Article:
While major newspapers and magazines nationwide sent professional staff to document the historic Selma to Montgomery march in 1965, some of the most iconic images of the march were taken by an aspiring young college photographer.
Today, Stephen Somerstein is a 75-year-old retired physicist living in San Francisco. But in March of 1965, he was part of the civil rights march in Selma as a photographer on assignment for his college paper. Having left New York with only 13 rolls of film, he knew he had to make each shot count.
Several of Somerstein’s photographs were used to frame shots in the 2014 movie Selma, and the film's official poster draws direct inspiration from a Somerstein image. Upon discovering the use of his work after the movie's release, Somerstein contacted Paramount Studios, who he says were “quite amenable to work[ing] out an arrangement.”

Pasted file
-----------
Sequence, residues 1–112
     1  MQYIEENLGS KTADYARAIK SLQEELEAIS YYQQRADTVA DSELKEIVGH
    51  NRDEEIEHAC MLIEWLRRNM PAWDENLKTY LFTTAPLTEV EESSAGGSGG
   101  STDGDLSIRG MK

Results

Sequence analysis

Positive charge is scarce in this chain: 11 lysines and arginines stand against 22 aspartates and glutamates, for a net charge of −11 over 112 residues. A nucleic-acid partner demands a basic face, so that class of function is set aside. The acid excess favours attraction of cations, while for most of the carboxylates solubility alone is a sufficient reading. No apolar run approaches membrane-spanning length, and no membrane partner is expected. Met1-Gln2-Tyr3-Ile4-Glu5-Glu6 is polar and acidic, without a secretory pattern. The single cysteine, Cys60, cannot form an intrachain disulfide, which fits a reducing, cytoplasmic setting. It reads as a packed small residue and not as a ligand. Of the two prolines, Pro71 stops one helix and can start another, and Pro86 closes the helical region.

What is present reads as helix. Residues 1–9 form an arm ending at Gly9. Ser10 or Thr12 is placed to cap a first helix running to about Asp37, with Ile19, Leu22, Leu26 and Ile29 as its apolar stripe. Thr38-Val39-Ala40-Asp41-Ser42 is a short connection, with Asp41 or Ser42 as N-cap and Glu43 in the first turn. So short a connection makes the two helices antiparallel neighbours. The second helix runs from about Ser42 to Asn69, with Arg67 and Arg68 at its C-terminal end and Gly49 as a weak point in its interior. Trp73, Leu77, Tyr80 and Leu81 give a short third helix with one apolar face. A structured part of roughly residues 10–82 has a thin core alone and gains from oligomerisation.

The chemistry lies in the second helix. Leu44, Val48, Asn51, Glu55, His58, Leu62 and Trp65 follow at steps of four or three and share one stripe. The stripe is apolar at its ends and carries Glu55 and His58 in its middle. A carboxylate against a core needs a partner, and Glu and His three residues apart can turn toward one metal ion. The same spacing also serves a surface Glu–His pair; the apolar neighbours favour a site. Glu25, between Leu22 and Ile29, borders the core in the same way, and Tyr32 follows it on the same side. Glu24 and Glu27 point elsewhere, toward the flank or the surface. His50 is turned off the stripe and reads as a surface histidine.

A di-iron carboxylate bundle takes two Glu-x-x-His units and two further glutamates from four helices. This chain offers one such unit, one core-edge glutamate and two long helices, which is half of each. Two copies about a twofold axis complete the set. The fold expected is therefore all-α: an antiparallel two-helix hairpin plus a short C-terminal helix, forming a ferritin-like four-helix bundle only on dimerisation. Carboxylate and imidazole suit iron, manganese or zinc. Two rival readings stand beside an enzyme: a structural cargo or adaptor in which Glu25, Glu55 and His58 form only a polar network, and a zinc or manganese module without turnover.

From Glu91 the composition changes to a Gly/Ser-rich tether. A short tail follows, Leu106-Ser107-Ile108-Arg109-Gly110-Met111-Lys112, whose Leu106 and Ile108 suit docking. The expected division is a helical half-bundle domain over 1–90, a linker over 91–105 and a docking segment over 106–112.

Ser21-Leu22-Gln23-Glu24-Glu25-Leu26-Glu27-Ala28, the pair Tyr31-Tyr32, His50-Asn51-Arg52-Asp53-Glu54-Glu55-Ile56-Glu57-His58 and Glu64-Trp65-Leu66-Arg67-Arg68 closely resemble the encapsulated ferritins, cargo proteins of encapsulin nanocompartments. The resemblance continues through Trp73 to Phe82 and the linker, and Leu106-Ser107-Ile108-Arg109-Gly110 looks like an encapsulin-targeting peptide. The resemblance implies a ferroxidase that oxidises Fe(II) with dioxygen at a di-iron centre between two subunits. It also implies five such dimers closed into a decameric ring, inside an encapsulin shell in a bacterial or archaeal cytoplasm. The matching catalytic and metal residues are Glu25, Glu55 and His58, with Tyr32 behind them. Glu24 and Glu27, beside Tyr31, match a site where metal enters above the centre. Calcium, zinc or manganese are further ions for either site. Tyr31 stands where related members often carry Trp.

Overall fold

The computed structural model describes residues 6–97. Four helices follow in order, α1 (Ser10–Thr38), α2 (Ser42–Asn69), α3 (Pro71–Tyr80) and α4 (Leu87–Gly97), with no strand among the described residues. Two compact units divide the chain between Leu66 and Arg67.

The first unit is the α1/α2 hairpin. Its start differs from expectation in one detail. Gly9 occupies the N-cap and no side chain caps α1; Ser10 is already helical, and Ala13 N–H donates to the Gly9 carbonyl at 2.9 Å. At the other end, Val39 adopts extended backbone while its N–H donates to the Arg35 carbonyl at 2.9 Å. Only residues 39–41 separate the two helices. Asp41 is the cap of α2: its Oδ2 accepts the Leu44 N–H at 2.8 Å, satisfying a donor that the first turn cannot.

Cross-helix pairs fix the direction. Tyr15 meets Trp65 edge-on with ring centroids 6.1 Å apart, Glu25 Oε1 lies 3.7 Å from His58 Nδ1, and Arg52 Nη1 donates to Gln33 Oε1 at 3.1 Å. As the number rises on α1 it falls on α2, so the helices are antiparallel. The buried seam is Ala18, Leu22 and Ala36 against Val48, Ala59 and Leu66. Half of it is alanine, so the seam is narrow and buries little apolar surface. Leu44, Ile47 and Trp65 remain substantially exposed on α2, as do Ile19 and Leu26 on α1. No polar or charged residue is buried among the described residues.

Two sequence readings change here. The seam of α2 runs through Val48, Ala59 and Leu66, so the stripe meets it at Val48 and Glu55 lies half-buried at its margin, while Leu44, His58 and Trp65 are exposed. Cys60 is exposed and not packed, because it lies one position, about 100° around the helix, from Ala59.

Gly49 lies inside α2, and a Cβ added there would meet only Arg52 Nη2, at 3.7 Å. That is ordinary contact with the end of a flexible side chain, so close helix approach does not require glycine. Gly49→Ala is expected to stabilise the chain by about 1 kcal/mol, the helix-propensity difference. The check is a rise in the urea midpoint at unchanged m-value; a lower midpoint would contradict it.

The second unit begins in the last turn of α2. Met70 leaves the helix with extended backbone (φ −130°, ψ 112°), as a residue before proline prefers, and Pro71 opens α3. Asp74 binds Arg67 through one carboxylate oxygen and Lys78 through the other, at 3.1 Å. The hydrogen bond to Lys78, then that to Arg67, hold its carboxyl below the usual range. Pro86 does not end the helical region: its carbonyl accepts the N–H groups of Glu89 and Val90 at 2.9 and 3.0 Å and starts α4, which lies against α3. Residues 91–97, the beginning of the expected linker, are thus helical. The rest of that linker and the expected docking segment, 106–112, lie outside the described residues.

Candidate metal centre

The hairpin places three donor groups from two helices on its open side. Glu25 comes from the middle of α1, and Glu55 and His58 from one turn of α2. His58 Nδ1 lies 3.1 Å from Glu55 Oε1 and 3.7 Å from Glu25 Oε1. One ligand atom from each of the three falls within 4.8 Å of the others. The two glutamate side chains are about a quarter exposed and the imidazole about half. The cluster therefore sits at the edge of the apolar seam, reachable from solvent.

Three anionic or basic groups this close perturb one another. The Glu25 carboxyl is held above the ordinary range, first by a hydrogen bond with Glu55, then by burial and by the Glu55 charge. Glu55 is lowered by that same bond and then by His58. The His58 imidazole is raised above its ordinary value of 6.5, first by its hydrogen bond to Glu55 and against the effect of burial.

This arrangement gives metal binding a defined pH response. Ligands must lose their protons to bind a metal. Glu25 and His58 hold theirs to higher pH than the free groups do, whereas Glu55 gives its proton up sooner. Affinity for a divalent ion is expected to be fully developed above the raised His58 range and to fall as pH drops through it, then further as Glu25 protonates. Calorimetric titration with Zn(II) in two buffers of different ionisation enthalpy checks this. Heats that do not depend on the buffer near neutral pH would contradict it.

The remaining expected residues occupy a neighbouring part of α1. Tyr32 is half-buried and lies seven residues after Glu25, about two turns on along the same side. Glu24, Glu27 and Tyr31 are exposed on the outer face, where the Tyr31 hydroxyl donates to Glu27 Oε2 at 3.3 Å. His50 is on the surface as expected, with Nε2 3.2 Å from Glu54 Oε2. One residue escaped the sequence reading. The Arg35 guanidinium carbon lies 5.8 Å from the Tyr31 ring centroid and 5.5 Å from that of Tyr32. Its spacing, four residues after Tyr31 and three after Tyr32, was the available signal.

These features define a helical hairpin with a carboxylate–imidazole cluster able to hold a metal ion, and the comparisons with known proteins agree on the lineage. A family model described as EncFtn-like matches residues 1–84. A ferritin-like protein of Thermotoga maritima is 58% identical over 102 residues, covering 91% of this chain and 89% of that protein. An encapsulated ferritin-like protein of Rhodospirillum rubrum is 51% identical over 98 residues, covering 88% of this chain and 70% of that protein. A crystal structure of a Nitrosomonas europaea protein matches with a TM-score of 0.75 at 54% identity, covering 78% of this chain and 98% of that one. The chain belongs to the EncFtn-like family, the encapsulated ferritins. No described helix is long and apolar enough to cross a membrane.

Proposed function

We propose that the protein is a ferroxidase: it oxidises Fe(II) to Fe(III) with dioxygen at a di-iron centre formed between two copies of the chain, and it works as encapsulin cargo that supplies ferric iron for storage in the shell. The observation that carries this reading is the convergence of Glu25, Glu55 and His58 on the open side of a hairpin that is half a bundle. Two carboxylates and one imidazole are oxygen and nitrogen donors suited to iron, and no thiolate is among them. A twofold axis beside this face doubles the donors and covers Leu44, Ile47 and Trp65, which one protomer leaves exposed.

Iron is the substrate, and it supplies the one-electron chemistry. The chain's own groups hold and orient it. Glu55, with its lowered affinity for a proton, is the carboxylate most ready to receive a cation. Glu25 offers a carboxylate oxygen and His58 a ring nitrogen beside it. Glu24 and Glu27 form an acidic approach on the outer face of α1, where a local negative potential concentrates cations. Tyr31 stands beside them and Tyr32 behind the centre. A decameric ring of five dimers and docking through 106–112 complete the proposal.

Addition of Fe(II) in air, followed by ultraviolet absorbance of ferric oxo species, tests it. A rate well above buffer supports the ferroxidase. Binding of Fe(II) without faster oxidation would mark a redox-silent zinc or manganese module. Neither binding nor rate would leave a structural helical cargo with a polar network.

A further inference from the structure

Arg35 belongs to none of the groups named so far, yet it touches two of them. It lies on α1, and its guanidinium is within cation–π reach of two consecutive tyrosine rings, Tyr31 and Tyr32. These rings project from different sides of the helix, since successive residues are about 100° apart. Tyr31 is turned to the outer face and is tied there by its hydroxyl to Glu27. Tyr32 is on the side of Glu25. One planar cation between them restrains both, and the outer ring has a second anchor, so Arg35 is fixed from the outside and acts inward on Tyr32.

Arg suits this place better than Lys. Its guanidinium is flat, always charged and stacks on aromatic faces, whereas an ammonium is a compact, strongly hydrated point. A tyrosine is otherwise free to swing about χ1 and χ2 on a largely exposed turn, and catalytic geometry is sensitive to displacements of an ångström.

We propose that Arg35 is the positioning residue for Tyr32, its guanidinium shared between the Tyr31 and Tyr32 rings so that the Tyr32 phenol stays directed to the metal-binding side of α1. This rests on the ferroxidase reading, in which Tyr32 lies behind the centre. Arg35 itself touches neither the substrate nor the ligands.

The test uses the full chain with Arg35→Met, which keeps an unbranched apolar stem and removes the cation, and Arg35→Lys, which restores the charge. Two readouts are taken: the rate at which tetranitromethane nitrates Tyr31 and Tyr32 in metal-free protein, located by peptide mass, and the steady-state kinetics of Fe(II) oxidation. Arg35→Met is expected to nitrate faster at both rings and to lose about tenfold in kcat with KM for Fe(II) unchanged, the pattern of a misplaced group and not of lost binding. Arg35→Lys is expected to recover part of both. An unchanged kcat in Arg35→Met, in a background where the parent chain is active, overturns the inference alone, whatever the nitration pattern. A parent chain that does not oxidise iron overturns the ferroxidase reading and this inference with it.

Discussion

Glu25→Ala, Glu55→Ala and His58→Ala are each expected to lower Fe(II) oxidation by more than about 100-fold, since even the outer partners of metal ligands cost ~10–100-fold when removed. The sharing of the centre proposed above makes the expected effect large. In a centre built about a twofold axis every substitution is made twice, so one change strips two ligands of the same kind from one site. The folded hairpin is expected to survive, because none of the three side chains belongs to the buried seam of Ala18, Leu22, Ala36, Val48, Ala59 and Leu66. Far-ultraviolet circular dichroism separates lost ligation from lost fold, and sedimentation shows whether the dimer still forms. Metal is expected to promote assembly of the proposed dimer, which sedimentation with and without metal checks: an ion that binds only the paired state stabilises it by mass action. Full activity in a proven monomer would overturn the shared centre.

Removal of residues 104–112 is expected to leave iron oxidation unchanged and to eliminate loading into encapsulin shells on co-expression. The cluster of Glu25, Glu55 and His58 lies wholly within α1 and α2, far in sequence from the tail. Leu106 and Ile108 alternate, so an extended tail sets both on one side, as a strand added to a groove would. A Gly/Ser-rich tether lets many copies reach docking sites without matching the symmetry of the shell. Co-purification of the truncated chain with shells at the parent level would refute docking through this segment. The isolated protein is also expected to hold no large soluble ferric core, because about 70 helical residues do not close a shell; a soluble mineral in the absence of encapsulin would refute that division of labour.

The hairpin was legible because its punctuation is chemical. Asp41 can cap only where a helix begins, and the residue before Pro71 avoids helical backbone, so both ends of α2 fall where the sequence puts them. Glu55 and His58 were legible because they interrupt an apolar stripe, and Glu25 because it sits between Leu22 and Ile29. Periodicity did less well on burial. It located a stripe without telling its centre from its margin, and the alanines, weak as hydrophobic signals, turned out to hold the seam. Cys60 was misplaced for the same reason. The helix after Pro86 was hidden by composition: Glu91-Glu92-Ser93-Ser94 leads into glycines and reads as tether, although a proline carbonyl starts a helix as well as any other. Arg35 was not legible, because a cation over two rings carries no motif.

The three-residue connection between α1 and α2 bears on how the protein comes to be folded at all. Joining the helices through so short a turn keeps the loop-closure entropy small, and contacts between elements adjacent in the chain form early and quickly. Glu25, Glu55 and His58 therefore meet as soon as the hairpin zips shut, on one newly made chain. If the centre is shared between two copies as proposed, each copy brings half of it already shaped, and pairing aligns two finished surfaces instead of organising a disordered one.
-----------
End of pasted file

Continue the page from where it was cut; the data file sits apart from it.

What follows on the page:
While Somerstein’s photograph of Dr. King speaking to the gathered crowd during his historic speech at Montgomery is his best-known photograph, his work in Selma largely focused on the everyday people who had come to attend the march. As Somerstein puts it, “I wanted my photographs to represent the best of people.”
Somerstein's work can be viewed in Stephen Somerstein: March for Freedom, Selma to Montgomery, 1965 at Modernism art gallery in San Francisco. The show runs through April 25.